A spokesman for Prime Minister Gordon Brown told CNN Britain is reviewing the implications for its development and assistance programs to Pakistan in the light of the emergency declaration. The British government is committted to providing .236 million ($493 million) in aid to Pakistan over the next three years. (Posted 8:18 a.m.)

U.S., Iraqi troops launch 'major offensive' in northern Iraq

BAGHDAD (CNN) -- U.S. and Iraqi troops "launched a major offensive" on Monday in four northern Iraqi provinces, the U.S. military said.

The effort is taking place in Diyala, Salaheddin, Nineveh and Tameem provinces and "is designed to exploit previous successes against al Qaeda and set the conditions for continued reconciliation efforts" in the region."

The operation, called Iron Hammer, is led by Task Force Iron and includes at least three brigade combat teams and three Iraqi Army divisions. The military would not give specific troops numbers.

"This operation is a relentless pursuit of al Qaeda, who we have seen attempting to move into new areas and disrupt the security of the local populace," said Brig. Gen. Jim Boozer, one of the deputy commanders of Task Force Iron. (Posted 8:16 a.m.)

Rice believes time is now for serious Israeli-Palestinian peace negotiations

RAMALLAH, West Bank (CNN) -- U.S. Secretary of State Condoleezza Rice, in the Middle East again to help restart peace negotiations between Israel and the Palestinians, said Monday she is "tremendously impressed" by the resolve of both sides and believes a proposed summit in Annapolis later this year can be a "launching pad" toward productive bargaining toward a two-state solution.

"We appear to be on course to prepare seriously for continuous ongoing negotiations," said Rice, who appeared at a press briefing on Monday in the Palestinian territory of the West Bank with Palestinian Authority President Mahmoud Abbas. She met on Sunday with Israeli Prime Minister Ehud Olmert, who underscored the importance of the Annapolis summit in a speech. (Posted 7:43 a.m.)

Pakistani forces place leader of country's largest Islamic party under house arrest

ISLAMABAD, Pakistan (CNN) -- Enforcing a state of emergency, Pakistani forces Monday placed Qazi Hussain Ahmad, the president of the country's largest Islamic party, under house arrest, Ahmad told CNN.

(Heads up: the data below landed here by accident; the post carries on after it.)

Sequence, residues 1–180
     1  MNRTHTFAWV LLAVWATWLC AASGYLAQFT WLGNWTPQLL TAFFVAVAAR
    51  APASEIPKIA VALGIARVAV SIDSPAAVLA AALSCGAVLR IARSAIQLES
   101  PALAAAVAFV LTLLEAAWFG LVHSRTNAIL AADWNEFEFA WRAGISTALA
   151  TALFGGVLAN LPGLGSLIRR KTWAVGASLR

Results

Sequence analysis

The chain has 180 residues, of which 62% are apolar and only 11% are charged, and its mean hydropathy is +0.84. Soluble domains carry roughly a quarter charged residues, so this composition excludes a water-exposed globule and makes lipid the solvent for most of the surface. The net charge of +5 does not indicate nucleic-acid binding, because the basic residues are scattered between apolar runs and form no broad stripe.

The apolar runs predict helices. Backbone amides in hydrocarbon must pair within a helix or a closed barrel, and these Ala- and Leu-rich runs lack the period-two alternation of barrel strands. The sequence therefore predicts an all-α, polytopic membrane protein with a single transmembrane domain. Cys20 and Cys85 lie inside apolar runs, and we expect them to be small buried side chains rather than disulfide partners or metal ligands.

Ahmad is a prominent opposition leader and heads the Religious Party Alliance. He is confined to his home in Lahore. (Posted 7:36 a.m.)

Police arrest more lawyers, block roads to courts; U.S. postpones defense visit to Pakistan

ISLAMABAD, Pakistan (CNN) -- Pakistan police, using tear gas and batons, clashed with lawyers and journalists outside the Lahore courthouse Monday, as they continued to enforce President Pervez Musharraf's emergency declaration.

More than 1,500 lawyers were arrested across Pakistan, including 1,200 in Lahore, on Monday and police blocked roads leading to courthouses in major cities.

The government denied Monday that Musharraf had himself been placed under house arrest, a rumor that was circulating widely through the country.

Political opposition figures have also been rounded up across Pakistan since Saturday's declaration, including more than 60 members of former Prime Minister Benazir Bhutto's Pakistan People's Party, a senior police official said.

Bhutto's spokesman called Musharraf's declaration an "act of terror" against civil society and predicted it marked "the beginning of the end of Musharraf." (Posted 7:10a.m.)

Matron at Oprah's school charged with abuse and assault

JOHANNESBURG, S. Africa (CNN) -- A matron at Oprah Winfrey's school for girls in South Africa was formally charged Monday with 13 counts of abusing and assaulting students at the school.

Dressed in a black and white football shirt, the woman, Tiny Virginia Mokobo, 27, pleaded not guilty to the charges, which include assault, indecent assault, and crimen injuria, which involves verbal abuse which violates the victim's dignity.

The state alleges there were seven victims. Six are between the ages of 13 and 14 and one was 23. (Posted 6:47 a.m.)

U.S., China defense officials praise deepening dialogue, cooperation; pledge pressure on Iran

BEIJING (CNN) -- U.S. Defense Secretary Robert Gates on Monday hailed deepening dialogue between the United States and China and said Beijing is helping to put pressure on Iran to halt its nuclear program.

At a news conference with Chinese Defense Minister Cao Gangchuan following their meeting, Gates said they "discussed ways to build on positive momentum in our defense relations and how to use these interactions to improve communications and reduce the risk of misunderstanding."

Cao described his meeting with Gates as "pragmatic, candid, and productive" and said future military exchanges will "deepen our friendship and cooperation."

The two men emphasized bilateral cooperation and communication, but they also discussed the issue of Iran's nuclear ambitions. (Posted 6 a.m.)

Pens down: Film, TV writers go on strike

LOS ANGELES (CNN) -- The writers who make up the words for most of the movies and television shows produced in the United States will be walking picket lines outside of major studios in New York and Los Angeles Monday morning as the Writers Guild of America has launched a strike against producers.

The writers union said a strike, which began at 12:01 a.m. Monday, is necessary to protect their future incomes as the shows they write are increasingly distributed over new media, primarily Internet downloading.

While studios have been hoarding scripts for months in anticipation of a strike, most television shows that are more topical -- especially late night TV -- are expected to immediately go to re-runs.

A last-day effort to reach a new work agreement collapsed Sunday night despite a major concession by the writers as they dropped their demand for a doubling of how much they are paid for DVD sales. This had been considered the major stumbling block to a deal. (Posted 5:36 a.m.)

Baghdad reporter missing for two weeks freed by captors